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The Effect of Pollution Aerosol on Wintertime Orographic Precipitation in the Colorado Rockies Using a Simplified Emissions Scheme to Predict CCN Concentrations

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  • 1 Colorado State University, Fort Collins, Colorado
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Abstract

The impacts of enhanced CCN concentrations on various cloud and precipitation systems are potentially significant both to the large-scale climate system and local precipitation patterns. Precipitating stable orographic cloud systems are particularly susceptible to increases in CCN as parcel lifetimes within these clouds are typically short compared to clouds of similar depth. As such, even small perturbations to the precipitation efficiency within these clouds can have substantial impacts. In the mountainous regions of the western United States, where water resources are derived primarily from orographic precipitation during the cold season, this effect is of particular interest. The aims of this study are twofold. The first part is focused on the implementation of a simplified aerosol emissions scheme into the Regional Atmospheric Modeling System (RAMS). This scheme uses aerosol output from the Weather Research and Forecast Chemistry model (WRF-Chem) to initialize aerosol sources in RAMS. The second part of this study uses this scheme in the simulation of an orographic snow case that occurred in northwest Colorado during February 2007. The result of this study suggests that atmospheric CCN concentrations can be reasonably simulated using a simplified parameterization of aerosol emissions, despite a lack of explicit secondary aerosol (SA) within the model. Furthermore, the spatial and temporal variations in CCN predicted by this scheme produced a complicated response in the surface distribution of precipitation from the orographic snowstorm, a result not seen in studies where CCN concentrations are set to be horizontally homogenous.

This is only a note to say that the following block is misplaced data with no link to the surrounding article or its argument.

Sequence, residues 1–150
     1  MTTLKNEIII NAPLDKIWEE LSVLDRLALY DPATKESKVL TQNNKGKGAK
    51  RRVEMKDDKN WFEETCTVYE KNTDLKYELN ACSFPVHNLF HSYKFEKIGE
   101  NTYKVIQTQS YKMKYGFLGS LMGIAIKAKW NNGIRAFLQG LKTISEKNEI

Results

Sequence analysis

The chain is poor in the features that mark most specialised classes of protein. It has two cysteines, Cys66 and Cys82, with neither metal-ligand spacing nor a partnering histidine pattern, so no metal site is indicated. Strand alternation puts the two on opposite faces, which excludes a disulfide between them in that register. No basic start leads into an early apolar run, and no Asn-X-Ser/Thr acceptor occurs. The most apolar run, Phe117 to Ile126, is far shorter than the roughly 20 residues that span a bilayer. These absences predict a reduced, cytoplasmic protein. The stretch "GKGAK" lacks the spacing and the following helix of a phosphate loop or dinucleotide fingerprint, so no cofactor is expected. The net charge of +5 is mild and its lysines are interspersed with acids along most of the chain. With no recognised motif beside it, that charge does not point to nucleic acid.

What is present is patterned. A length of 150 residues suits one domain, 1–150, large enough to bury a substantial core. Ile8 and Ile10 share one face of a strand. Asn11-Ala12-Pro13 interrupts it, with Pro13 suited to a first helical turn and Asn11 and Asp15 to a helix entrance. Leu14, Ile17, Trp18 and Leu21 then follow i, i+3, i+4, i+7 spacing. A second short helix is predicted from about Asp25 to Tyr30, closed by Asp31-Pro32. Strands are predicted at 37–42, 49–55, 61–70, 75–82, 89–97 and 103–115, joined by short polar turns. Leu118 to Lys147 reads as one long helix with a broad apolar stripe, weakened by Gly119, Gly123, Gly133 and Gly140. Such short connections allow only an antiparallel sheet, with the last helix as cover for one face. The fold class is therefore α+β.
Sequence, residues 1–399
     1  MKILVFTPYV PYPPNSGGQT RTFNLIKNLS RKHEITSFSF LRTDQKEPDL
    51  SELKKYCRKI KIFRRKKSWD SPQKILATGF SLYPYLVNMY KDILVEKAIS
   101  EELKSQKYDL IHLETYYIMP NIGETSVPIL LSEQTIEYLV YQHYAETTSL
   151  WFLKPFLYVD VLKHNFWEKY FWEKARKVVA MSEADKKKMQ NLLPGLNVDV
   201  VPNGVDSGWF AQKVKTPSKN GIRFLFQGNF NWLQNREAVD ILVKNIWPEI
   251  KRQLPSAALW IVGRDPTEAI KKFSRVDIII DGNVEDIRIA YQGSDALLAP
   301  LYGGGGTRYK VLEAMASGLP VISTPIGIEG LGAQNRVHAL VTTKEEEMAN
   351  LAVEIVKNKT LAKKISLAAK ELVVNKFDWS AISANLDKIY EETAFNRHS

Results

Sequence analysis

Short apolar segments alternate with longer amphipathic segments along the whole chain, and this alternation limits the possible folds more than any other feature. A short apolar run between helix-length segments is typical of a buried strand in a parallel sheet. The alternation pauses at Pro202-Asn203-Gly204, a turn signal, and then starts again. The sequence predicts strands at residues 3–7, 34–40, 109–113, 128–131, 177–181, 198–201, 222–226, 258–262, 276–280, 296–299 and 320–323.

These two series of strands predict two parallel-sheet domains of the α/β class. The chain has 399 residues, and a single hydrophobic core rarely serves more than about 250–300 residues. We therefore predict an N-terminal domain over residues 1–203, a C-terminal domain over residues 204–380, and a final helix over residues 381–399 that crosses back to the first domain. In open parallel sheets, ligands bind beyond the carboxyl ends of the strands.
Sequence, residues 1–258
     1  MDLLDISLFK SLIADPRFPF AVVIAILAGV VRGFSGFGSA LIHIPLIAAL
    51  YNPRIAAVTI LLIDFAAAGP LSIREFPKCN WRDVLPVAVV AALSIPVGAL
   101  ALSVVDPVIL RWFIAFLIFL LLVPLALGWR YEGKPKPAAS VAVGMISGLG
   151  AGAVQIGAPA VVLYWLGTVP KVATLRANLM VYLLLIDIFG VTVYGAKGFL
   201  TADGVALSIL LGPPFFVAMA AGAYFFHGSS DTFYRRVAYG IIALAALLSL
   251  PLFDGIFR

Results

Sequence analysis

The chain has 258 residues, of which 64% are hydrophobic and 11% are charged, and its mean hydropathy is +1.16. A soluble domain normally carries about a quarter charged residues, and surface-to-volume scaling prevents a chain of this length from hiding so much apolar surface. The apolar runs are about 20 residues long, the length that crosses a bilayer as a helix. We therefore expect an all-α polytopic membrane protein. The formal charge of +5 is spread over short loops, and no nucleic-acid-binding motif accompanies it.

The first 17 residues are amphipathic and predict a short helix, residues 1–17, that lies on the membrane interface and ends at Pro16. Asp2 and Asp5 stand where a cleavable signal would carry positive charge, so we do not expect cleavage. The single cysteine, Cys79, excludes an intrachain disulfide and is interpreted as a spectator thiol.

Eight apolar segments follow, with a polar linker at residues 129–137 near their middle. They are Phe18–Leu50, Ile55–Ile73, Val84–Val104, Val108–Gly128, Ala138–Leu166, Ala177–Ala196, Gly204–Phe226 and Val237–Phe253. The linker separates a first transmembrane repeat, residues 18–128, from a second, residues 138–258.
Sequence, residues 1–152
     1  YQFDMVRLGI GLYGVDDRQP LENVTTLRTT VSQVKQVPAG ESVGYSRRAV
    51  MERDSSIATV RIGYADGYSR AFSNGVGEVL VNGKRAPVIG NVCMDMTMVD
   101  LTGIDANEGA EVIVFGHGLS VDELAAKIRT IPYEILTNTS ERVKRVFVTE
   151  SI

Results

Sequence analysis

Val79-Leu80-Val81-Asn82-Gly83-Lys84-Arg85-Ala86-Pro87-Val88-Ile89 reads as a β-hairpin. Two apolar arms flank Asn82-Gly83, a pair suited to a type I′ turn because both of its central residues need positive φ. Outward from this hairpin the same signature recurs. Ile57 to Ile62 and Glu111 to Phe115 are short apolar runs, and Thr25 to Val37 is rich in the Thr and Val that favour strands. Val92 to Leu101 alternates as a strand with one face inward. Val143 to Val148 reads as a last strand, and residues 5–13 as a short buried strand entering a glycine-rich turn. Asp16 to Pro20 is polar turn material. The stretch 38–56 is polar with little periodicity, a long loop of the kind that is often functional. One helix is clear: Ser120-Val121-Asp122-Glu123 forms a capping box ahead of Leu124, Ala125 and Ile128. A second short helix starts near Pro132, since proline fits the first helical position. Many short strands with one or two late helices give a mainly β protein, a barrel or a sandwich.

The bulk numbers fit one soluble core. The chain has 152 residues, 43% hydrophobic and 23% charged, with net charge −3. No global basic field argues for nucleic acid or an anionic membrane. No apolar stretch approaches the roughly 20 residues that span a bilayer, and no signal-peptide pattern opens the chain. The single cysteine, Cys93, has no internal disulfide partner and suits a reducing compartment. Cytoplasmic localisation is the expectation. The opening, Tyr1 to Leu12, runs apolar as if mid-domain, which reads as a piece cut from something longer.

Current affiliation: University at Albany, State University of New York, Albany, New York.

Corresponding author address: Ted Letcher, University at Albany, State University of New York, Albany, NY 12222. E-mail: tletcher@albany.edu

Abstract

The impacts of enhanced CCN concentrations on various cloud and precipitation systems are potentially significant both to the large-scale climate system and local precipitation patterns. Precipitating stable orographic cloud systems are particularly susceptible to increases in CCN as parcel lifetimes within these clouds are typically short compared to clouds of similar depth. As such, even small perturbations to the precipitation efficiency within these clouds can have substantial impacts. In the mountainous regions of the western United States, where water resources are derived primarily from orographic precipitation during the cold season, this effect is of particular interest. The aims of this study are twofold. The first part is focused on the implementation of a simplified aerosol emissions scheme into the Regional Atmospheric Modeling System (RAMS). This scheme uses aerosol output from the Weather Research and Forecast Chemistry model (WRF-Chem) to initialize aerosol sources in RAMS. The second part of this study uses this scheme in the simulation of an orographic snow case that occurred in northwest Colorado during February 2007. The result of this study suggests that atmospheric CCN concentrations can be reasonably simulated using a simplified parameterization of aerosol emissions, despite a lack of explicit secondary aerosol (SA) within the model. Furthermore, the spatial and temporal variations in CCN predicted by this scheme produced a complicated response in the surface distribution of precipitation from the orographic snowstorm, a result not seen in studies where CCN concentrations are set to be horizontally homogenous.

Current affiliation: University at Albany, State University of New York, Albany, New York.

Corresponding author address: Ted Letcher, University at Albany, State University of New York, Albany, NY 12222. E-mail: tletcher@albany.edu
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